model Amazon plume and clustered hierarchically. Salinity is a proxy for biogeochemical and
ecological community gradients that are attributable to dilution and biogeochemical dynamics.
In general, as salinity increases, inorganic and
organic nutrients decrease, and communities
shift from groups representing Gammaproteo-bacteria, Flavobacteria, and diatoms to those
containing oligotrophic bacteria, such as SAR11
and autotrophic cyanobacteria (17, 22, 40–42).
In the metagenome heatmap (Fig. 6A), different locations across a broad biogeochemical
gradient in a single model run were more similar than equivalent locations across model runs,
indicating that the emergent model communities differed widely in genome content between
runs. However, the metatranscriptome heatmap,
which indicates the actual metabolisms in use at
each location (Fig. 6B), clustered across runs,
with similar metabolisms expressed at equivalent
salinities. For example, at the lowest salinities,
genes encoding for heterotrophic processes involving degradation of dissolved and particulate
organic matter (pcaH, AMA, and AMA-det) and
processes reducing mortality (motG, mot-P, sil,
and cheA) were highly expressed across runs,
whereas at intermediate salinities, photosynthesis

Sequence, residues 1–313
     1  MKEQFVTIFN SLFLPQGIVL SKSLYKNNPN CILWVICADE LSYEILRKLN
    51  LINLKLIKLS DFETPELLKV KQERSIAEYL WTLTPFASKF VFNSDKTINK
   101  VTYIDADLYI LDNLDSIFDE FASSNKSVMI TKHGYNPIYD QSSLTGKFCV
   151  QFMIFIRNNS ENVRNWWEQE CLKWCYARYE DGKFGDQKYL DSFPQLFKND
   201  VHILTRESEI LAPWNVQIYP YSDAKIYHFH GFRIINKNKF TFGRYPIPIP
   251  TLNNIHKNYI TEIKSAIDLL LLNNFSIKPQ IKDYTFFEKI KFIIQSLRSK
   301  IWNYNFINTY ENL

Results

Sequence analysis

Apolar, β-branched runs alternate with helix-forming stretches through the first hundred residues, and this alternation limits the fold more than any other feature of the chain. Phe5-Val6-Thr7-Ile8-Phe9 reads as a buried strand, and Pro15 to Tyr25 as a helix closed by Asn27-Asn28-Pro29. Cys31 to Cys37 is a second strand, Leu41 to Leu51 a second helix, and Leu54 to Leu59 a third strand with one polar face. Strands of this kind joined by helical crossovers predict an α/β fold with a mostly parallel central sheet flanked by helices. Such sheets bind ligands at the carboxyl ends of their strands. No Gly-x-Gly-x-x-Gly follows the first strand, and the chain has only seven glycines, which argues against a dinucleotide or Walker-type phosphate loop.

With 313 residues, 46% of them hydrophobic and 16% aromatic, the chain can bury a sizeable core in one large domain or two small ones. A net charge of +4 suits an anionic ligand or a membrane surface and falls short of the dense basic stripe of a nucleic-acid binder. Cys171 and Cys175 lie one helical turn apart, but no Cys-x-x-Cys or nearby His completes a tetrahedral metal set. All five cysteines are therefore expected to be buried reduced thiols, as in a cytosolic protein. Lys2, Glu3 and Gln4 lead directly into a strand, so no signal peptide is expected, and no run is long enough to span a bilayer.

and nitrogen uptake genes (pcb, pbs, nrt, and
amtB) were highly expressed. Thus, the genetic
composition of each GENOME assemblage differed between runs, but the metabolic functions
were similar for a given environment across
Randomness in community assembly has also
been observed in space-limited communities
such as the biofilms on macroalgae (43) and
in communities of coral reef fish (44), where
genetically distinct communities that perform
similar metabolic functions are found in adjacent environments. It is hypothesized that random events determine the arrival of the first
organism with a given metabolic function, resulting in highly divergent communities coexisting
side by side. By analogy, each model run represents a different surface. However, there is no
direct competition for space in the water column.
Instead, niche space is hypothesized to be jointly